Young Life Lite

As a college student in Southern California studying to become a youth pastor, Ty Gallenbeck encountered the magician and illusionist David Blaine. Wanting to know the methods behind Blaine’s magic, he bought a book. And he started practicing.

Not long after, Gallenbeck met a magician at a Youth Specialties Conference who would become his friend and mentor. Danny exhorted Gallenbeck to practice until his tricks were perfect, and only then, to share his tricks with others. And then Danny told Gallenbeck to stop trying to be David Blaine and to simply be himself.

After two-and-a-half years of practice, Gallenbeck moved back to Delta County, Colorado, and his first gig. Unable to find a youth pastor position, he accepted a position at a local Boys and Girls Club. There he discovered the allure of illusions. “I quickly saw how some tough kid could come in, aloof and apprehensive. After one or two magic tricks, the walls would crumble. I watch their faces — the sheer wonder, amazement and joy of seeing something that is unexplainable. I never grow tired of that.” That was the first place Gallenbeck witnessed how magic could start the conversations that could change situations.

When leadership changes at the Boys and Girls Club led him to consider new opportunities, a friend introduced him to Young Life. A quick review of the website and Gallenbeck believed he had found an organization of kindred spirits. At a Frontier Ranch family camp he became convinced of it. “I remember the music playing for the walk-on skit was a song from (the Celtic punk band) Flogging Molly. I thought, ‘We’re at a Christian camp. Someone is going to get fired over this.’” To which he added, “I loved it.”

In 2009 he came on Young Life staff, working with kids even as he performed magic for corporate and private events. His area, Delta County, has suffered significant job losses recently. Two-thirds of the area’s coal mining jobs have been eliminated in just the last three years. So Gallenbeck’s tricks have become a helpful trade to sustain his ministry.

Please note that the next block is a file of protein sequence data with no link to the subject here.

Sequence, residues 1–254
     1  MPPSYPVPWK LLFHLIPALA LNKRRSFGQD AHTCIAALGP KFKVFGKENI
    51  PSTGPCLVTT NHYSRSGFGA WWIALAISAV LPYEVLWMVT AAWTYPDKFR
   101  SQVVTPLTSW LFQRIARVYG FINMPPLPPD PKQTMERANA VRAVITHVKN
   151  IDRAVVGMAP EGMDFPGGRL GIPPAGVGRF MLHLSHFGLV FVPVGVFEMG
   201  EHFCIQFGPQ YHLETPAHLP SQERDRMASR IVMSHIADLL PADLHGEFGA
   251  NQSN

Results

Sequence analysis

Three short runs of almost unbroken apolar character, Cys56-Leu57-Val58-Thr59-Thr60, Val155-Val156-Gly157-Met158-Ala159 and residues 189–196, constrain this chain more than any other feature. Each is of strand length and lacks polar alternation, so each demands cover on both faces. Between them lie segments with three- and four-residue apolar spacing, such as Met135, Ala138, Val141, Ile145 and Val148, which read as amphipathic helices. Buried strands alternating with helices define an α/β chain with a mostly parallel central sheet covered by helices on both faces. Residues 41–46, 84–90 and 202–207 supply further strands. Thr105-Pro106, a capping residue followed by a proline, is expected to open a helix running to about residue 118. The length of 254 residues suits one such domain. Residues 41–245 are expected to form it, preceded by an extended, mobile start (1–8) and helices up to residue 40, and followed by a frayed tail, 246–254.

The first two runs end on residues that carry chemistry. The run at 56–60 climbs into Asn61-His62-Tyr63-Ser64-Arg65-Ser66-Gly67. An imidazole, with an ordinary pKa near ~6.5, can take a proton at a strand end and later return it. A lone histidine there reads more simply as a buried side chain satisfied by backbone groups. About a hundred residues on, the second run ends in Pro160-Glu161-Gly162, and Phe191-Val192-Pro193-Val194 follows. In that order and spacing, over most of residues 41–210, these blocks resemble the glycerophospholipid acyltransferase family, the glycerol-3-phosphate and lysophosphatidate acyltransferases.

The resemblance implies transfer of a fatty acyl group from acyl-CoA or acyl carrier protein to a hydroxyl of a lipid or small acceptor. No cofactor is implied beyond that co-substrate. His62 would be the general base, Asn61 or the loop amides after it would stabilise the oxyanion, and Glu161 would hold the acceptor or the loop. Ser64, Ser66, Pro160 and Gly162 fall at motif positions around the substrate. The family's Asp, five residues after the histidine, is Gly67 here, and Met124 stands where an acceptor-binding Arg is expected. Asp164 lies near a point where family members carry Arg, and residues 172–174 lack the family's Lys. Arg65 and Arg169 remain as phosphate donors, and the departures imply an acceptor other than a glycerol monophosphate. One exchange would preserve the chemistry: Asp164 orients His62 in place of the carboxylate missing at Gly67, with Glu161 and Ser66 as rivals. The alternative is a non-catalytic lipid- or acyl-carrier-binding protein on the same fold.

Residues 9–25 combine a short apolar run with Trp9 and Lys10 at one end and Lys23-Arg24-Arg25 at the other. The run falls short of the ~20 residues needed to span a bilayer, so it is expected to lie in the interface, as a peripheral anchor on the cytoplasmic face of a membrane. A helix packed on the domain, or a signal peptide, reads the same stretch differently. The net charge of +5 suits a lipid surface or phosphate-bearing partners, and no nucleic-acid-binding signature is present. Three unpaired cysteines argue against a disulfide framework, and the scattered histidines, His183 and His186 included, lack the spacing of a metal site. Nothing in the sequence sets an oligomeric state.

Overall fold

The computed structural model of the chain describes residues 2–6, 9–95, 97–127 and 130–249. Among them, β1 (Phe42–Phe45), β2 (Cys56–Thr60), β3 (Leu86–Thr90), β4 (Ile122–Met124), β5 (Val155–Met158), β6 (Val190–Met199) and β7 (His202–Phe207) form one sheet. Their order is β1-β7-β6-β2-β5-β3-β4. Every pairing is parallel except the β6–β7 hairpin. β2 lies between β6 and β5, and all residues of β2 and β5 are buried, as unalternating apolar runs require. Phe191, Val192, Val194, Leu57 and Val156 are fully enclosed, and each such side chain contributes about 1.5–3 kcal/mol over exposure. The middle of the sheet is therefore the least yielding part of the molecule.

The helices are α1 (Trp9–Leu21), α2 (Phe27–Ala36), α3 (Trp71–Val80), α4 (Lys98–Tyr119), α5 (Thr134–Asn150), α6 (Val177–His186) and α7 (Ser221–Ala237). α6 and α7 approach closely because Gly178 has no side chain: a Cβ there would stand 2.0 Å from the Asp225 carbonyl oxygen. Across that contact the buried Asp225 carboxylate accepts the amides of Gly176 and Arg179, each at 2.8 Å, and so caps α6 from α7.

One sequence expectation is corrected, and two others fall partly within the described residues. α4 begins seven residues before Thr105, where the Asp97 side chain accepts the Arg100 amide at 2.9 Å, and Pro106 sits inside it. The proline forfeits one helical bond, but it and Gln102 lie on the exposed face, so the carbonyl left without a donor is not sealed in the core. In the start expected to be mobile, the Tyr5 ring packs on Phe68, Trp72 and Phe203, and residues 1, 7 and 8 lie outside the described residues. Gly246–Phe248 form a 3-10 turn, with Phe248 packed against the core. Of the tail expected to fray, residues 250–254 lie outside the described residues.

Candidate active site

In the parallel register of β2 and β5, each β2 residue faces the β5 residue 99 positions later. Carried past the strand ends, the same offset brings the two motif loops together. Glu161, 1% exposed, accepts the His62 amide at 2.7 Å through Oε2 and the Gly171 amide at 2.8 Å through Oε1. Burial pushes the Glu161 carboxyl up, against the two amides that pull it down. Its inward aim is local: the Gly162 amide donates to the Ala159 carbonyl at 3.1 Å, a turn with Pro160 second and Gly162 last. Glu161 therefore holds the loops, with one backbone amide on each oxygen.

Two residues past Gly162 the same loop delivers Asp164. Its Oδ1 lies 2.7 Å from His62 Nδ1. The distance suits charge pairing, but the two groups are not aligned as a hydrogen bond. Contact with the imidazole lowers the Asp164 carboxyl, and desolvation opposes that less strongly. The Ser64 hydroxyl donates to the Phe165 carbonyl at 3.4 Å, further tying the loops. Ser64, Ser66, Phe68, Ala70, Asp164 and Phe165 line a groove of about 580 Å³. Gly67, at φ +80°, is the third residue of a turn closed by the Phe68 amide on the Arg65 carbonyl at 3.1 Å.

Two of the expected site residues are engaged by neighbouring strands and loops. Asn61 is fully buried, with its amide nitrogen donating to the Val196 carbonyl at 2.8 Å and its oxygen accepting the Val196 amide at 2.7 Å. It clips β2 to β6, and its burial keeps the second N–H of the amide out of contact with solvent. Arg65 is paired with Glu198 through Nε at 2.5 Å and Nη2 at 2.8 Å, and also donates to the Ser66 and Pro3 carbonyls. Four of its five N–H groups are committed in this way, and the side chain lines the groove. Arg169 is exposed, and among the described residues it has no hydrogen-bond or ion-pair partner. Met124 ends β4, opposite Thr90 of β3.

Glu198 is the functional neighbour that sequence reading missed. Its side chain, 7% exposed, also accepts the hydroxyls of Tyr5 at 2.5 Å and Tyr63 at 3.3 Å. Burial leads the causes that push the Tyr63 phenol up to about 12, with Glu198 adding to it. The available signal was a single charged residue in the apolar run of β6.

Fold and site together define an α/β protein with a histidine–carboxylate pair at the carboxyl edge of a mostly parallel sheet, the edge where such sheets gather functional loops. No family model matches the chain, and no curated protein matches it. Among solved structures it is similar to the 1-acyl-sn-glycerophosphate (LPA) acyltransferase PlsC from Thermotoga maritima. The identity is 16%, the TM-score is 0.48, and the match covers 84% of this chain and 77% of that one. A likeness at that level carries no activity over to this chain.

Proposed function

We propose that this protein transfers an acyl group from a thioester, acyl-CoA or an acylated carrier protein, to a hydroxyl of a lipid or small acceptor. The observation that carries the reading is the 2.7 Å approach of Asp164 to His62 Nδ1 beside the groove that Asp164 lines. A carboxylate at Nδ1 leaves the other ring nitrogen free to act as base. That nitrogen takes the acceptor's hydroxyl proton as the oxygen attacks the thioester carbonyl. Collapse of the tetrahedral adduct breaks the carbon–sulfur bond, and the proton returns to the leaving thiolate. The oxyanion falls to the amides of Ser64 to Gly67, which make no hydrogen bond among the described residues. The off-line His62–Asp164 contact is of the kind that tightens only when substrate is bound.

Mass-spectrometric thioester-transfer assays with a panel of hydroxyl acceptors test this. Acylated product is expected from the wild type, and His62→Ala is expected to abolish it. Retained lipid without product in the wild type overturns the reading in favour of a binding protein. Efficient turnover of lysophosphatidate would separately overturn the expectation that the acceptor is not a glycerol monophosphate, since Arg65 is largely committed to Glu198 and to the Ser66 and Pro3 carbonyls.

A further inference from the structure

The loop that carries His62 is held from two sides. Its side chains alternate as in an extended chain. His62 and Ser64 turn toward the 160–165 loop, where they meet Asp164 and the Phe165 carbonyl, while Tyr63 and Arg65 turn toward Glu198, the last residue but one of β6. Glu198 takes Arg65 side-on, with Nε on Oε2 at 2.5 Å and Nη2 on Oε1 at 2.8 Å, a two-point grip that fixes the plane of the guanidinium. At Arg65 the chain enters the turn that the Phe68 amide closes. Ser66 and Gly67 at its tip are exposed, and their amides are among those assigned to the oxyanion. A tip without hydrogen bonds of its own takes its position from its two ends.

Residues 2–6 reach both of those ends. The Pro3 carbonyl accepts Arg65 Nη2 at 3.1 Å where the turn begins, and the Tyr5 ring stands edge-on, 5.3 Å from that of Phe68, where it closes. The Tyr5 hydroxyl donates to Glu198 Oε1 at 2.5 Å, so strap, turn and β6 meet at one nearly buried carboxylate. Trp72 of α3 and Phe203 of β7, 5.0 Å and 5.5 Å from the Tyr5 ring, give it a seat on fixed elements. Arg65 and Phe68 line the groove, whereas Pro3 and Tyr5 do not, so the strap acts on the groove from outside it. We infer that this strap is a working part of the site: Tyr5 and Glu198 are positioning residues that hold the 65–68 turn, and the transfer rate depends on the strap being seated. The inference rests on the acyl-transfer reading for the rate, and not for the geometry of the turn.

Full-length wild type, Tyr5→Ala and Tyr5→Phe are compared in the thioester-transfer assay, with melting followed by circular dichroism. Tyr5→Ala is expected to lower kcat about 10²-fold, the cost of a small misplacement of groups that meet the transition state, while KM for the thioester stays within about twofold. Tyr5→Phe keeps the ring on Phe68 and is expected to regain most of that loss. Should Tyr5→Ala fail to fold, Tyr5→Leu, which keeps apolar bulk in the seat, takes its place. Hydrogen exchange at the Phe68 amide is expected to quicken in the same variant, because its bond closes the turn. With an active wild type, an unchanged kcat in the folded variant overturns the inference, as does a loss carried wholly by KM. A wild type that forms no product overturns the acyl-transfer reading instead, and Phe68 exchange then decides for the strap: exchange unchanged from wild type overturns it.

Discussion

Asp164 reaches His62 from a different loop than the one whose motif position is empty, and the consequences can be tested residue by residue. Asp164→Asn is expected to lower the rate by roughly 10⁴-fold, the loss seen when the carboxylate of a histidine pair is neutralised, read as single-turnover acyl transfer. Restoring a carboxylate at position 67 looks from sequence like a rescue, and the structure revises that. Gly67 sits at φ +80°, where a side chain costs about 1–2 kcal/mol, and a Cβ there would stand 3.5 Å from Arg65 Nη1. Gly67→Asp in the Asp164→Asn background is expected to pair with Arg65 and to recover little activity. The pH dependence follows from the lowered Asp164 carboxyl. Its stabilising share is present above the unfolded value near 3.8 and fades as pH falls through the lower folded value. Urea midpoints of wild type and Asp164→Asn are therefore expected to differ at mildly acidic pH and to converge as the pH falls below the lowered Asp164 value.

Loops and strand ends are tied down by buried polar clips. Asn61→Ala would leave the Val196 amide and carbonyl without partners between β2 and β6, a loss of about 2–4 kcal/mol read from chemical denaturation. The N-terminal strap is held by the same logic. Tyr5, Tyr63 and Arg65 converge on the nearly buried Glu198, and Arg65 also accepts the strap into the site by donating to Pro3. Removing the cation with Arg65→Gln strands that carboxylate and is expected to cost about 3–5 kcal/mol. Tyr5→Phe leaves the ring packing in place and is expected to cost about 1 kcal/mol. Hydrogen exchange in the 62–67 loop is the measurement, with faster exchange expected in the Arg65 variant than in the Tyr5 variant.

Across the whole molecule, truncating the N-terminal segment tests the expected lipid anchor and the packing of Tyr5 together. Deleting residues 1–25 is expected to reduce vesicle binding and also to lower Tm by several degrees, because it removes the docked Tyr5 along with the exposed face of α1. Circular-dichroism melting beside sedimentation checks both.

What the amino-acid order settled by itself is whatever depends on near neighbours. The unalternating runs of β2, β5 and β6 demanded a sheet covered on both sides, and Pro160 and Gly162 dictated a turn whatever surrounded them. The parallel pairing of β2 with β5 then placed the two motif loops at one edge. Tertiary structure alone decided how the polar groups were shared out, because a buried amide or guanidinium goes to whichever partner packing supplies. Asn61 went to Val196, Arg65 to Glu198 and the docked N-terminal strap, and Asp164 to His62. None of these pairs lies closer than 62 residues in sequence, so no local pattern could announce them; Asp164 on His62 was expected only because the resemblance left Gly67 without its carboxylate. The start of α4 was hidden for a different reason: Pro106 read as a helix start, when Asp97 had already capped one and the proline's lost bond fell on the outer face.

But recent economic crises were less difficult for him than a crisis of faith that the magic conjured up when he was in college and learning the craft. Seeing is believing, as the saying goes. But Gallenbeck said, “In my line of work, there are hundreds of things that you see with your own eyes that don’t actually happen. And when a look behind the curtain reveals all of it as a series of tricks, you begin to look for falsehood in everything.” Even in God Himself. So he took this bag of doubt and dumped it at God’s feet. “If you’re there,” he said, “I need to see you.” What he heard was the verse that’s become his life’s call: “For we live by faith, not by sight” (2 Corinthians 5:7).

Having gone through that kind of faith crisis at a similar age, Gallenbeck uses card tricks not only to begin conversations, but also to encourage kids to reveal their own doubts. “Let’s talk about it, because it’s a huge part of my story.” Together, they talk about a God who is greater than any trick. A God who brings light out of darkness, faith out of doubt, who offers us all the assurance that it is only in believing that we can truly see.